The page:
Making a List and Checking it Twice

Dec 28, 2022 |

This blog post and video discuss utilization of AuthN and AuthZ for your MVC projects with Azure App Service and Microsoft Identity

Festive Tech Calendar 2022 - Making a list and checking it twice

In this post, I'll show you how to build an dn7 MVC web application that handles authn and authz, you'll get a quick look at utilizing Azure and GitHub actions, and you'll learn a little about Entity Framework Core and Microsoft Identity.

While that sounds like a lot, I believe we can accomplish everything in about an hour.

I would also like to thank Gregor Suttie and Keith Atherton for hosting this event again this year.

Let's get going!

Find the GitHub Repository here

Initial Discussion: Custom Users in ASP.Net Core with the ASP.Net Identity

I want to start by talking quickly about users within the ASP.Net Identity ecosystem. In almost every scenario, I personally prefer to separate all of my business logic into a separate data context. This makes the data context reusable in other projects, so typically I'll create the default project with the ApplicationDbContext which houses the information for the Users (essentially nothing but the default migration and all the default identity tables). I then create a second context for the business logic and data and layer the project. I personally find this easier to test and utilize, and it also helps me to keep things a bit more organized as I tend to struggle when everything is in one project.

If, however, you want to do customizations on the Identity User, especially if you want a guaranteed ability to relate objects back to the identity user, then you can't use multiple data contexts. It's not possible in Entity Framework Core (or any EF version I'm aware of) to relate objects across contexts.

Later in this project, the identity user will be referenced by Id in order to determine that the TodoListItems are associated to the correct user. With that in mind, only two options exist:

  • Create two contexts as I would ordinarily do, and use my own code solutions to manage the identity mapping to a real user in the database
  • Complete everything in the same project under one context, so I can directly relate an association to the user for the purpose of direct relational tracking of the user information.

While the second option would be far easier to manage when it comes to the identity user information, it is not necessary to accomplish the tasks I want to do for this demonstration. I do think, however, that managing and overriding user information is important enough to be worthy of another conversation and a video of its own, so I decided to create one, and while it won't be released with the Festive Tech Calendar video, I'll link to it here and briefly mention it in the Festive Tech Calendar official video (and this blog post). To make this interesting, this project is going to be a hybrid approach where the first part is overriding the information and getting ready to utilize the ability to map unique properties for the ASP.Net Identity user. For the relational data later, the User Id will just be leveraged as a string and managed in code. In some ways, this is the best and worst of both worlds. I'll leave it to you to decide how you would like to work with your projects in the future in regards to the architecture and layering and user management.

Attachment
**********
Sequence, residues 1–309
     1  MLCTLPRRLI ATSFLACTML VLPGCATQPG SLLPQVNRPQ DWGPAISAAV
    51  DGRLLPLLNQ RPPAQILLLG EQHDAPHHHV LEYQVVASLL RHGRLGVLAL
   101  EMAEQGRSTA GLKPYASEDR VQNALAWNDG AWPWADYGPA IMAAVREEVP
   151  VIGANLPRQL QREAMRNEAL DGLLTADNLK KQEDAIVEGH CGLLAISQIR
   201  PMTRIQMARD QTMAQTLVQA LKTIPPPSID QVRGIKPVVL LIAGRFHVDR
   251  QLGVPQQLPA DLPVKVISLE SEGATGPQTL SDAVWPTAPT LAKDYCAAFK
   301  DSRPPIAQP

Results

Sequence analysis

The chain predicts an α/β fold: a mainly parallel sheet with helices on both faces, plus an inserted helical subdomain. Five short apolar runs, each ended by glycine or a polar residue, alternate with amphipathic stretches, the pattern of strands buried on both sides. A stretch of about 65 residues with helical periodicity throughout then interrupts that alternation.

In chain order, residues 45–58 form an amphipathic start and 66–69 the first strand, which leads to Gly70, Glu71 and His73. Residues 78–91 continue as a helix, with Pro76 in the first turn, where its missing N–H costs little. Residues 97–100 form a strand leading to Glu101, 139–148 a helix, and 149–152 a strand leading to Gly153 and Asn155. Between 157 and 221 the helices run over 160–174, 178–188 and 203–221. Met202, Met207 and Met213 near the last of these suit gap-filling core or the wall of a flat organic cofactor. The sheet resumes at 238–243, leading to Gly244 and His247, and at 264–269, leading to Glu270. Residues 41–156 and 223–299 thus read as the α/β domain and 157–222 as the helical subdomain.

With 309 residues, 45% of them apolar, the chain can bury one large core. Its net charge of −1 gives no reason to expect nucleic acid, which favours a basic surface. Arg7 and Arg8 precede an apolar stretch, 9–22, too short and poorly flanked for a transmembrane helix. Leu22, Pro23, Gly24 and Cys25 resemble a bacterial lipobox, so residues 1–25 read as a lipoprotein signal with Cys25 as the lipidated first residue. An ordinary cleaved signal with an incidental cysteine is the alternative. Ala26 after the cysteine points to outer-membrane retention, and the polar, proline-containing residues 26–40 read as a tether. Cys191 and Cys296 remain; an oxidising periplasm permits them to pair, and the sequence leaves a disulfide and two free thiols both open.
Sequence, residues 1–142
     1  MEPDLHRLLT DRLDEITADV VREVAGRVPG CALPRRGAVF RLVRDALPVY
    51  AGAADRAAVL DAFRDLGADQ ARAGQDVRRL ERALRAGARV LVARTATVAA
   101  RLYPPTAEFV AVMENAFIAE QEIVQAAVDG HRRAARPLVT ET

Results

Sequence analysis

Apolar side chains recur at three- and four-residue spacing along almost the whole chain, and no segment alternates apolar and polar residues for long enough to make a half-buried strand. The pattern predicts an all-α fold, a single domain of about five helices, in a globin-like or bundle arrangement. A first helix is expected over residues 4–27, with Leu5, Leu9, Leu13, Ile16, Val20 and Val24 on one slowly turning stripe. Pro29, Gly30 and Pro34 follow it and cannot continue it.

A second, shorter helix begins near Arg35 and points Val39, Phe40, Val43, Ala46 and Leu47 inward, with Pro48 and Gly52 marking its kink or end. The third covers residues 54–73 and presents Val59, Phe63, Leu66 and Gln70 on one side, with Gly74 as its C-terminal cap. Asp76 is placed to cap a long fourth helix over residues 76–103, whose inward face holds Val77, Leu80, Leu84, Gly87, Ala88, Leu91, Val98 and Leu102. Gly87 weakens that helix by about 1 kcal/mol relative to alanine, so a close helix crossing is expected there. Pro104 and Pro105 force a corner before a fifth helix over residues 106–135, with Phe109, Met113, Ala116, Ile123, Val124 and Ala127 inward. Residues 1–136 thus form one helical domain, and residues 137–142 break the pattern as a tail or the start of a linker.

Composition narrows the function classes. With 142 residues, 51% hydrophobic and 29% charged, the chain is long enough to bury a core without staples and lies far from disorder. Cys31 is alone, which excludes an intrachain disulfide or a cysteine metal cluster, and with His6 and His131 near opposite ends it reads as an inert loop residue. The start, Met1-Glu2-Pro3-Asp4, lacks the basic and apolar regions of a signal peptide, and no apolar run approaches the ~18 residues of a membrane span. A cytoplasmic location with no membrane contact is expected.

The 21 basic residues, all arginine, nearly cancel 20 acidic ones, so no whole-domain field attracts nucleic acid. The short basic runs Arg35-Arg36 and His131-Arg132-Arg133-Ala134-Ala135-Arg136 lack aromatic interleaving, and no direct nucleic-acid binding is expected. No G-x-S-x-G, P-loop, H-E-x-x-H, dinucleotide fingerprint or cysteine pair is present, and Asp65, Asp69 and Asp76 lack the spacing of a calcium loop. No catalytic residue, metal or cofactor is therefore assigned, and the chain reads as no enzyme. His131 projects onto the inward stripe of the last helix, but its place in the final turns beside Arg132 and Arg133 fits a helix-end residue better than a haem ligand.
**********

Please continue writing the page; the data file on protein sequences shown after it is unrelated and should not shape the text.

Additionally, if you are interested in step-by-step instructions showing the way to correctly override the user information that is baked into the ASP.Net Identity ecosystem, then I suggest you review this blog post: "Custom User Management in ASP.NET Core MVC with Identity" by Mukesh Murugan. That resource has everything you need to do things like:

  • Create an ApplicationUser object that extends the default IdentityUser object
  • Rename the default tables in ASP.Net identity (not necessary, but a cool thing he did there)
  • Override the default razor pages in your project for the registration and management of user profile information
  • Leverage migrations to build out your custom fields on the identity user.
  1. Creating the project.

    In order to do the Festive Tech Calendar event, I need to have a default project ready to go, so this video is just me creating the project and doing the following tasks:

    • Getting the project built as a .Net 7 MVC with Individual Identity
    • Overriding the default User in the project